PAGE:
So, it’s finally happened. The Verizon IndyCar Series and Mazda Road to Indy 2016 schedules have come out in back-to-back days this week, and if you’re a fan of either or both, you can officially begin making plans (yes, chances are you probably prepped sooner given by the drip-by-drip nature of each track prior to the full rollout).
Some thoughts, musings and observations on the schedule, now that it’s out, are below:
- Embracing the spacing. Earlier this year I wrote a column noting that after 10 consecutive weekends of on-track activity from the ultimately one-and-done NOLA round in April through the moved-up-for-2015-only Toronto round in June was simply too much of a grind for the drivers, particularly the crews, and others involved in the series. So the fact INDYCAR has heeded the calls of those noting how tightly bunched last year’s schedule was and spread it out more – the fact there are only three back-to-back weekends outside the month of May (Long Beach to Barber, Indy 500 to Detroit and Iowa to Toronto) is a welcome change of pace. The schedule lasts more than 50 days longer from start to finish in 2016, even though the number of races stays the same.
- TV isn’t everything, it may be the only thing. Channeling the late, great Vince Lombardi here, but it’s obvious that the delay in the full 2016 schedule release was TV-impacted. Which isn’t necessarily a bad thing. Here’s Hulman Motorsports CEO Mark Miles on that: “What we’ve said is there is a model in working with our existing broadcast partners that we think can be even more potent in attracting fans. That would be kind of to split the season into halves. The perfect model is perfect continuity where one broadcaster has the first half the season and the other has the second, and where both broadcast platforms can choose between cable and free-to-air broadcasts as suits us and them. I still believe that is the direction we need to head in ’17 and ’18 under our current contractual provisions and relationships with those two.” The reason for some of the growth last year across the board was start times that were more amenable to a potential bigger audience. Does 5 p.m. ET on a Sunday in Iowa sound great? Not particularly… but then consider that was the same start time for Milwaukee last year, and how improved the Milwaukee number was, and you begin to see how it could make sense. The prime time window for the Sonoma finale, at 7 p.m. ET with NASCAR as a lead-in and Sunday Night Football thereafter, should fit nicely as well.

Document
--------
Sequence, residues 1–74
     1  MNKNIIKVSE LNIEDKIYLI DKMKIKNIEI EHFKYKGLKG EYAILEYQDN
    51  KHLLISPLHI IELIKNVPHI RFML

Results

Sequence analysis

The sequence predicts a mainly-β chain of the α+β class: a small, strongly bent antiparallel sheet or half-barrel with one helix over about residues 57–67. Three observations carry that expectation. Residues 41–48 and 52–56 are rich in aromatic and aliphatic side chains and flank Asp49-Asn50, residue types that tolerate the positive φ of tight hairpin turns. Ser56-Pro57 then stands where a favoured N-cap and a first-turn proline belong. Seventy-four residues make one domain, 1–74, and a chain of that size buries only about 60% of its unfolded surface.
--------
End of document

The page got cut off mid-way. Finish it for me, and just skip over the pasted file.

- Balance across the board. With six street races (five venues), five road courses and five ovals, it’s a near perfect split of races for the disciplines required of a versatile IndyCar schedule. You can’t really have any weaknesses, and you need to be solid across-the-board to be in contention for the championship.
- Never say never again. Yes, Road America was announced in August and yes, Phoenix has been strongly hinted at for at least a couple months. These two tracks coming back though are a positive sign that having strong relationships can bring back tracks from the brink – former president of competition and operations Derrick Walker helped deliver Road America back to the calendar, while IndyCar’s chief revenue officer Jay Frye was instrumental in Phoenix’s return. The fan reaction to the Road America return was massive, as evidenced by the huge crowd at its September test (again, big for a random Tuesday), while Phoenix will ensure at least one one-mile oval stays on the schedule.
- Which brings us, sadly, to Milwaukee. As some of you readers will know, the triumvirate of Phoenix, Milwaukee and Road America are without question, my three home tracks. I originally am from Phoenix and attended races there in the mid-to-late 1990s through to about 2006, but with family roots in Wisconsin, stops at the Mile and at “America’s National Park of Speed” were summer staples. Is it worth trading two-for-one? Gut says yes, even if sadly, I think this is the end for Milwaukee on an IndyCar schedule. Milwaukee Journal Sentinel ace reporter Dave Kallmann has a good column up on the situation and whether it will ever come back. Milwaukee’s risen from the ashes twice in the last six years – the 2011 schedule was announced at the Mile in 2010 and in 2012, it came back as a last-minute replacement announced in February. With few promoters and fewer dates available to work with, it seems the long and winding journey at America’s continuously operated oval has reached its apparent end. The difference between Phoenix/Road America and Milwaukee is of course, simply, those other two tracks have other events to support their bottom line; the Mile, as part of State Fair Park, doesn’t.
- The Mazda Road to Indy finale conundrum. On the whole, the schedules for the three Mazda Road to Indy look pretty good… and then we get to the finale at Mazda Raceway Laguna Seca, announced for Sept. 9-11. Now granted, this year’s joint MRTI/Pirelli World Challenge weekend didn’t really serve either party well. It was a case of “whose headliner was it anyway?” So instead, what was already a semi-awkward weekend has now been split in two: MRTI and PWC will both return to the track, but on separate, standalone weekends… which to me, doesn’t make much sense. In the MRTI’s case, they’re now crowning their champions as a headliner weekend with no support content, and still with the same problem of doing so not in front of IndyCar teams, media and fans. The only way this makes sense to me is so that the MRTI champions can be feted and, potentially, the Indy Lights champion could make his/her debut at Sonoma Raceway the following weekend. I love Mazda Raceway, and I’m a big fan of all Mazda does for motorsports. But given how little turnout there was with an overload of content at Mazda Raceway this year, I’m skeptical either organization will enjoy crowning their champions on solo weekends.